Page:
How Bude: Google's sole-financed private undersea pipe to make a landing in Cornwall
Cable named for compsci legend Grace Hopper to link US, UK, Spain
Cloud and ads behemoth Google is building a subsea internet cable linking the US to the UK and Spain.
The cable, which it named for compsci pioneer and mother of COBOL Grace Hopper, aims to provide better internet reliability and recovery from outages, the $1trn Alphabet giant said.
Google has already made investments in other private subsea cables: Curie, linking the US to Panama and Chile; Dunant between the US and France, and Equiano, linking Portugal, Nigeria and South Africa.
"Private subsea cables allow us to plan effectively for the future capacity needs of our customers and users around the world and add a layer of security beyond what's available over the public internet," the company said.
The new Grace Hopper cable will allow better integration between the Google Cloud region in Madrid into Google's global infrastructure. The company also said it would help increase capacity across the Atlantic and support Google services such as Meet, Gmail and Google Cloud.
Set to be complete in 2022, the cable will, we're told, "incorporate novel optical fibre switching" to improve "reliability in global communications, enabling us to better move traffic around outages." With the help of subsea cable specialist SubCom, Grace Hopper would be world's first submarine cable to use the technology, Google said.
Jayne Stowell, who oversees construction of Google's undersea cable projects, told the BBC that some of the transatlantic cables are "going out of service and we need newer, better and more sophisticated technology".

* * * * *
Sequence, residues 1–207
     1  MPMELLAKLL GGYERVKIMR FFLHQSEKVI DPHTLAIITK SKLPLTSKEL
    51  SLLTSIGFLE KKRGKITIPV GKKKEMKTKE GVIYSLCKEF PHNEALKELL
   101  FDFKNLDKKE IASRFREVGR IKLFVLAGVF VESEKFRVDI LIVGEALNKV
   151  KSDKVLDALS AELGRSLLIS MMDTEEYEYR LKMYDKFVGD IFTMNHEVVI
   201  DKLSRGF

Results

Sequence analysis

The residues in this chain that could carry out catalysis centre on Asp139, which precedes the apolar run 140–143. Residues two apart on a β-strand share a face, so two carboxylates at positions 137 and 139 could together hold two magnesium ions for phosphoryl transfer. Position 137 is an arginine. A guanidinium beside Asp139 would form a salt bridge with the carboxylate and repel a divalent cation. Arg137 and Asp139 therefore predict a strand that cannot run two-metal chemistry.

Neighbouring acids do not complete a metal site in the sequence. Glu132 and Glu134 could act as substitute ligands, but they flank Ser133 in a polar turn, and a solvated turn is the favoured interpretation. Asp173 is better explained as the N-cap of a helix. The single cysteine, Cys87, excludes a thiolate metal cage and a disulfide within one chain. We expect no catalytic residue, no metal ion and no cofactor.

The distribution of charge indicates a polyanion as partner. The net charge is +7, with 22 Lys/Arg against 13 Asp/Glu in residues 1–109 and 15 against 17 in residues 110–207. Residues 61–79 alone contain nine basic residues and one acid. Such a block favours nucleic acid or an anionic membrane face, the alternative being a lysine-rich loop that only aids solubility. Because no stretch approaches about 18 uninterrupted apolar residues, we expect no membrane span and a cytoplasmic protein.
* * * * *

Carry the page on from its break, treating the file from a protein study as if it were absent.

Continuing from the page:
Although largely a result of increasing demand for internet services, the growing private investment in subsea cables is also down to the need for security, both in the wake of the Snowden revelations and in another sense, for the tech giant itself. As TeleGeography, which maps the world's submarine cable has pointed out, content providers' "huge demand volumes have pushed [them] towards owning infrastructure."
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The 2019 Mozilla Internet Health Report notes, though: "It’s a new development for online platforms to also be the owners (or co-owners) of the delivery infrastructure. At a time when there is already significant concern about the consolidation of power by the biggest technology companies in multiple realms, and telcos are merging with traditional media companies, it raises questions about who (literally) controls the internet, and how we wish to see it develop in the future."
The US terminus of Google's new cable is set to be in New York, while the Spanish end will be in the north-coast city of Bilbao.
The UK end of Grace Hopper is set to make landfall in Bude, northeast Cornwall. Towards the other end of England's westernmost county lies Porthcurno, where the Falmouth, Gibraltar & Malta Telegraph Company landed the first Great Britain-India submarine cable in 1870. ®